Of course, what really helped here was Cockle's previous experience with producing preschool shows. Which meant that she was able to quickly assemble her "Timmy Time" production team. Hiring just the right number of animators & set builders so that production of Aardman's first-ever preschool series could go as smoothly as possible.

"It's kind of a balancing act. Aardman's known for its beautiful production values. But at the same time, 'Timmy Time' is a TV series. Which meant that - for the first season of this show - we had to complete 52 10-minute-long episodes," Jackie explained. "That's over 8 hours of stop-motion. Which is why we were lucky to have the experienced crew that we did. Who could each produce a minute of polished stop motion every day."

Another thing that sped things along was that each episode of "Timmy Time" (before it went into production) had a completed script. Which - given that this show doesn't actually have any dialogue - was something of a challenge to write.

Copyright Aardman Animations Ltd. All rights reserved

Which isn't to say that "Timmy Time" is a completely silent show. All of those baby farm animals that Timmy goes to preschool with make noise. And finding just the right vocal performers to do all of that yipping, quacking and meowing for these preschoolers proved to be something of a challenge for Cockle.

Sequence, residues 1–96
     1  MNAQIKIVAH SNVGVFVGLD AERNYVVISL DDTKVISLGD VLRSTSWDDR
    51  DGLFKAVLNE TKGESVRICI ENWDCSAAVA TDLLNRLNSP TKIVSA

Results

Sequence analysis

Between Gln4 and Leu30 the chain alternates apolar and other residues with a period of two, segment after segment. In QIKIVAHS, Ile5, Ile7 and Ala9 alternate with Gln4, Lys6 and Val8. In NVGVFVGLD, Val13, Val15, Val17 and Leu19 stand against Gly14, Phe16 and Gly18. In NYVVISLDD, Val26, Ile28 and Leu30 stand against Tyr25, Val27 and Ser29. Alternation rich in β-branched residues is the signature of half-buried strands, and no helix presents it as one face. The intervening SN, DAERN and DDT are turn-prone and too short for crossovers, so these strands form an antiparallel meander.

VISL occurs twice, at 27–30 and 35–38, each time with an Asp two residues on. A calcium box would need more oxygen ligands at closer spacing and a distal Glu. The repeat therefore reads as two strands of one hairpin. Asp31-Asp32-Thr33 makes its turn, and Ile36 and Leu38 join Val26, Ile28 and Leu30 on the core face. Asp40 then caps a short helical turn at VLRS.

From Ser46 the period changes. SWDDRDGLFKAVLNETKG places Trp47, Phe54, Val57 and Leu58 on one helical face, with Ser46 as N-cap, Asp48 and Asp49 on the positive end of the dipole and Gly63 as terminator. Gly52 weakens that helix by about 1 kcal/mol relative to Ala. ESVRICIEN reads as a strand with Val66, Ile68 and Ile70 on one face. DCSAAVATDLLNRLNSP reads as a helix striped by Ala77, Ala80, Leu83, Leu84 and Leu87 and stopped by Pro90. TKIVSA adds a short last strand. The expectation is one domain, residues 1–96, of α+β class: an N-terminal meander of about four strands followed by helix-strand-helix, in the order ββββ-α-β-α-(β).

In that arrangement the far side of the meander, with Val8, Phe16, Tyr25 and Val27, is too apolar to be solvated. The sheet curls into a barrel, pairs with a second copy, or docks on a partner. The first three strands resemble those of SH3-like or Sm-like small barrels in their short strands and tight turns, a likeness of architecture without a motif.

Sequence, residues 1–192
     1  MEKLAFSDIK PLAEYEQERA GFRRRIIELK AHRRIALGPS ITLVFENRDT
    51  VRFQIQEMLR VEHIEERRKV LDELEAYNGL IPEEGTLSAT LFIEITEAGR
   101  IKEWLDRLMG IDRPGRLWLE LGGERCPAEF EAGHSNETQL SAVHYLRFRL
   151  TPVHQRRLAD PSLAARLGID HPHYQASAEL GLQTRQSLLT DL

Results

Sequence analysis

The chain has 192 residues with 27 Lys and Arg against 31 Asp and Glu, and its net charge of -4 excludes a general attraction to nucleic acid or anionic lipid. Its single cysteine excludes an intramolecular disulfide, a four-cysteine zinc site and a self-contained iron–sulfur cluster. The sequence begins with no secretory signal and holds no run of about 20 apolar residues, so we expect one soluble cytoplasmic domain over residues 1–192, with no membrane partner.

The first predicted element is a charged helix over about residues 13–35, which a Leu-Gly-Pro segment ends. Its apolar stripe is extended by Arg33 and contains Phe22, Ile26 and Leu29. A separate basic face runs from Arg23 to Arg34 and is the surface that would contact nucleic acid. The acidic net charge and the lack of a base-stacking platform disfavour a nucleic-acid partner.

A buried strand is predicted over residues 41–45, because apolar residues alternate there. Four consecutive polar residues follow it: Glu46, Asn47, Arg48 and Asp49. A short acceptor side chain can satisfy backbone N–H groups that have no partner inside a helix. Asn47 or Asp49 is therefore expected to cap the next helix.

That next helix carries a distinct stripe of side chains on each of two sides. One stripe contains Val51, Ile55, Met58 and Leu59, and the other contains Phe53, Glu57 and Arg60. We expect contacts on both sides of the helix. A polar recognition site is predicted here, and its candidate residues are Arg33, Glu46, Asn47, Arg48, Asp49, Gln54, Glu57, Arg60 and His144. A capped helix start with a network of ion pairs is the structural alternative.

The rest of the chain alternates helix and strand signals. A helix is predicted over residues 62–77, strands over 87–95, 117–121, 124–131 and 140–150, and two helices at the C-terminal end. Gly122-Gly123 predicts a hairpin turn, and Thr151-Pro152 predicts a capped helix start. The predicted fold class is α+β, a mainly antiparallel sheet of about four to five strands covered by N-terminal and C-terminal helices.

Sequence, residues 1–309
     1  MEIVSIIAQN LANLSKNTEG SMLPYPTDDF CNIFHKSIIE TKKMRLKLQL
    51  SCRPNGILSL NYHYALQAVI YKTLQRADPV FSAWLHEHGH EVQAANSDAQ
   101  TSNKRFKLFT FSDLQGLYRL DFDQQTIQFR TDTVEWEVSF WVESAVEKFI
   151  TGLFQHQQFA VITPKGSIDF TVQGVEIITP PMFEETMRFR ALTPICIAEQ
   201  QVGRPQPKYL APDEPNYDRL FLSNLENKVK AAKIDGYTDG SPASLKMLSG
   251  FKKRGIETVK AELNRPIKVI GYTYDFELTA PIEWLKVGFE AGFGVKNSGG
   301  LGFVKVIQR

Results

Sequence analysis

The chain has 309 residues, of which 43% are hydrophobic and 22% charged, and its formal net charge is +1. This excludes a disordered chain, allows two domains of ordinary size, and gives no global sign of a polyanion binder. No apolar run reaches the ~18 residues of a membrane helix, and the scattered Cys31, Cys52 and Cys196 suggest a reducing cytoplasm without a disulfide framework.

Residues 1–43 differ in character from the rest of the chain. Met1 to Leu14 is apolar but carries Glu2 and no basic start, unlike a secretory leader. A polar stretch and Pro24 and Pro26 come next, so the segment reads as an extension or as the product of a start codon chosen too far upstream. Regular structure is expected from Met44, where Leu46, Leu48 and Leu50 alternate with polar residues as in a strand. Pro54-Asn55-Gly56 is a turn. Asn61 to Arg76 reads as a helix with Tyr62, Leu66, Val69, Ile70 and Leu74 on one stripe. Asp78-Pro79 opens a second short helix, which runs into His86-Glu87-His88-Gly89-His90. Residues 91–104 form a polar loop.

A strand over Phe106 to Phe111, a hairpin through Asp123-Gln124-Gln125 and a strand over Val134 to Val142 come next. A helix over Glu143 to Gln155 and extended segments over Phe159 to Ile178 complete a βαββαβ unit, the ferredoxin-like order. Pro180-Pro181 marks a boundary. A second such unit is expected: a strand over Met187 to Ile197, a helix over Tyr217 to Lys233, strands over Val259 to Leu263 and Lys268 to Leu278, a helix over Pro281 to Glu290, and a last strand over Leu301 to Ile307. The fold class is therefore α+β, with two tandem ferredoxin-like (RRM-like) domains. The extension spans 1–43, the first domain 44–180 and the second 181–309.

"That was actually the toughest part of producing this show. It took us three months to pin down all of 'Timmy Time' 's voices," Jackie stated. "We were looking for voices that were characterful, unusual and appealing. And finding just the right snuffly, barking sound for Stripey the Badger was really tough."

And - in one case (i.e. Yabba the Duck) - finding just the right voice for that character ultimately proved to be impossible. Which is why Cockle wound up doing all of the quacking for that duck.

Copyright Aardman Animations Ltd. All rights reserved

"This is the first time that I've ever done a voice of a character on one of my shows," Jackie said. "But during auditions, when we were bringing people in to try out for that character, I'd do Yabba's voice for them as I envisioned this duck sounding. And they'd then quack back at me. But it just didn't sound right. Eventually the folks at Aardman convinced me - rather than bring in any more actors to audition for Yabba - that I should just do all of the duck's quacking."